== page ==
2.Syntax level specifies the relationships between the types of words in a sentence (e.g.
between noun and verb)
Syntax represents the structure of a sentence and it is believed to be a part of
our mental representation of sentences as well. It builds on the doer, action
and the object
Representing the syntax of a sentence uses a phrase structure tree which is a
diagram of a sentence that illustrates its linear hierarchical structure. It breaks
down the components of a sentence.
It is believed that we build a mental representation of the tree’s hierarchical
representation of the word relationships and likewise comprehend the meaning
of the sentence.
At the level of syntax comprehenders make a decision about the word order. A
sentence can have the same content but different syntax based on the word
Patients with damage to the left hemisphere may have aphasia which refers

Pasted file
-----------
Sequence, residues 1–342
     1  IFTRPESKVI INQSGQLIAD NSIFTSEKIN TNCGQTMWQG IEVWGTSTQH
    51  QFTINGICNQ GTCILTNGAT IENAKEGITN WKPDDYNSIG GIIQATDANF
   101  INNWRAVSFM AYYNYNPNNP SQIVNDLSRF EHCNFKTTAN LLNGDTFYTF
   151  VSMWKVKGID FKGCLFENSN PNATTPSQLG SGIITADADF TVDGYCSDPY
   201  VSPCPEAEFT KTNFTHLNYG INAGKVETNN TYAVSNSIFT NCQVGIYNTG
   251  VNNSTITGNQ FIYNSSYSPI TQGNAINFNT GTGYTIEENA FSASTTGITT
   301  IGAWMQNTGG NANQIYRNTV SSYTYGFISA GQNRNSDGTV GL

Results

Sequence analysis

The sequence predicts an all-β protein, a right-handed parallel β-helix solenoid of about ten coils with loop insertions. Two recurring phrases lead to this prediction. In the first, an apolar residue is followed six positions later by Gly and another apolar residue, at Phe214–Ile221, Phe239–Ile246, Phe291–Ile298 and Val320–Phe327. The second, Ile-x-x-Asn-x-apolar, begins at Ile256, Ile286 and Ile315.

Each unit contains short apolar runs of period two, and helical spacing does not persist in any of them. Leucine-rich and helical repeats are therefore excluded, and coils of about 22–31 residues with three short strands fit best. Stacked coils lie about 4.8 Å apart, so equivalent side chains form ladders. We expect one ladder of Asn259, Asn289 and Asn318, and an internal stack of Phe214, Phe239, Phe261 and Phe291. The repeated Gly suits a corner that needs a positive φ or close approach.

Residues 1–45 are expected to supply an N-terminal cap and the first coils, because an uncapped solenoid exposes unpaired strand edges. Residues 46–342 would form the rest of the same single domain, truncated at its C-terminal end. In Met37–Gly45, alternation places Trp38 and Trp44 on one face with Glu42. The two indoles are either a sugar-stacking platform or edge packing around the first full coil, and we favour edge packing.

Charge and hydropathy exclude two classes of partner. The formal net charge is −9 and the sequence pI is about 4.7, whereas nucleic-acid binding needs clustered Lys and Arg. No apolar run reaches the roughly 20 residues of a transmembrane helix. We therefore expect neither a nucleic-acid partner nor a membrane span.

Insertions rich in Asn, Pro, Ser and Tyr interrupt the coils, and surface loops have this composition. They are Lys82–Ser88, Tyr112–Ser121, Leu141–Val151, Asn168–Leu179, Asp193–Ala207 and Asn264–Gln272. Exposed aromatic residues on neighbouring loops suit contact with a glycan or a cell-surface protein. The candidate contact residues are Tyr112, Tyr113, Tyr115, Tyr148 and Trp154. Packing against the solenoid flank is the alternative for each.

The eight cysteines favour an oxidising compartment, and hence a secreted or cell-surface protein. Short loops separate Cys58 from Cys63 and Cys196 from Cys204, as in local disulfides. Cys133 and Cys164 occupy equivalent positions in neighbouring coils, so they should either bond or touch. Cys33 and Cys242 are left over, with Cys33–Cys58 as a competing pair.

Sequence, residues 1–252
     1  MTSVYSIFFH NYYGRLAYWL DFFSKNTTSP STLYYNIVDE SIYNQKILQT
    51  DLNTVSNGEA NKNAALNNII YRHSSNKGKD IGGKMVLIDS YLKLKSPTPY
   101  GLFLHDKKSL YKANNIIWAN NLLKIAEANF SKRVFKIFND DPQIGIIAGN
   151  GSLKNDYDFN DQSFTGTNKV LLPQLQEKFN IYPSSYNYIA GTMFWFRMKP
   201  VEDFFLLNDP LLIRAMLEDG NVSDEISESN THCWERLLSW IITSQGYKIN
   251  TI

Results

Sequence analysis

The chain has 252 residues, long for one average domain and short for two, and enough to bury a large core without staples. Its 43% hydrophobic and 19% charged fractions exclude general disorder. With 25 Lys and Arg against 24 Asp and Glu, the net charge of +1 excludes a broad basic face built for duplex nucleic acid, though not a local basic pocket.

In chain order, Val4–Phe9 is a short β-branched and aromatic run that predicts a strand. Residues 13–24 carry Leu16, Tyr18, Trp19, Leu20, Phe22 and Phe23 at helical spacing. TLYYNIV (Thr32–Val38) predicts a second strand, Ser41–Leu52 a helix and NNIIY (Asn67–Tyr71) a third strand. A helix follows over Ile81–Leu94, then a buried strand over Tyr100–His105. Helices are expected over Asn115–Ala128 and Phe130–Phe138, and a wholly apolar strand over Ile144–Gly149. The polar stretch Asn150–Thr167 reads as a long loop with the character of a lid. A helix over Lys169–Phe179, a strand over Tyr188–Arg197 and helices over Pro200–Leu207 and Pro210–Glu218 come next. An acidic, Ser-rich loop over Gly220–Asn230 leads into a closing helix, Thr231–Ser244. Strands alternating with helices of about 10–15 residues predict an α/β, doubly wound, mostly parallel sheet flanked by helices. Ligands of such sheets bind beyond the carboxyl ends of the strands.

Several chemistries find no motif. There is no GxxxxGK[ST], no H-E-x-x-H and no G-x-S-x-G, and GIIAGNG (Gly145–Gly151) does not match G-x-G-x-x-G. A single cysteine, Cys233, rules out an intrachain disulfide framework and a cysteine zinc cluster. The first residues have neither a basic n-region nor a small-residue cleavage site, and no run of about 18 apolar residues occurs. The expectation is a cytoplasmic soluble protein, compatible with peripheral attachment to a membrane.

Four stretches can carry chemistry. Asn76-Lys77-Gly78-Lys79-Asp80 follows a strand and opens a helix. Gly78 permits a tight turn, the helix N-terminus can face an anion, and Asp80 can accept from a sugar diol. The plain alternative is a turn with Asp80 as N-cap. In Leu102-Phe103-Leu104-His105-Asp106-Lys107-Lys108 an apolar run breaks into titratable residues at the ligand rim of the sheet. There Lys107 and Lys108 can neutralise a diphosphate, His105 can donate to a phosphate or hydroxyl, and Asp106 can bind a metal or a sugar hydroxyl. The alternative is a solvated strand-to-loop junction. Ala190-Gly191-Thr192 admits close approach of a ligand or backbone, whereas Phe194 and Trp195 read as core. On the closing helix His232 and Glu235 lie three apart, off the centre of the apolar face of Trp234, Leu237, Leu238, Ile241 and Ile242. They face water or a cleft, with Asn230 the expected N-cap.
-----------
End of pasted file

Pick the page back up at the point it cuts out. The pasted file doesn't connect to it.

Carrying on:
to language or speech disruption. Aphasia can manifest itself in various ways
and one manifestation that involves disruption of syntactic level of
representation is called non-fluent aphasia or Broca’s aphasia. (Broca’s ara
is the left frontal area)
Patients of Broca’s aphasia have difficulty relating the discourse and the
syntactical level of representation. The difficulty is not related to the meanings
of the words – these patients do understand the meanings of the words but fail
to understand the relationship among the words in the sentence (they may
shuffle around the words of a sentence while comprehending/producing).
Since these patients have long term memory of objects, usually they can relate
the doer, action and object using their logic from memory.
3.Word and morpheme level; at this level the meanings of the words are encoded:
Morphemes are the building blocks of words i.e. the smallest unit of meaning
in a language. Words can be composed of single or multiple morphemes e.g.
burned/noodles is composed of two morphemes i.e. burn and –ed or noodle
Bound morphemes are the plural and past tense forms that attach onto other
morphemes – they are usually prefixes or suffixes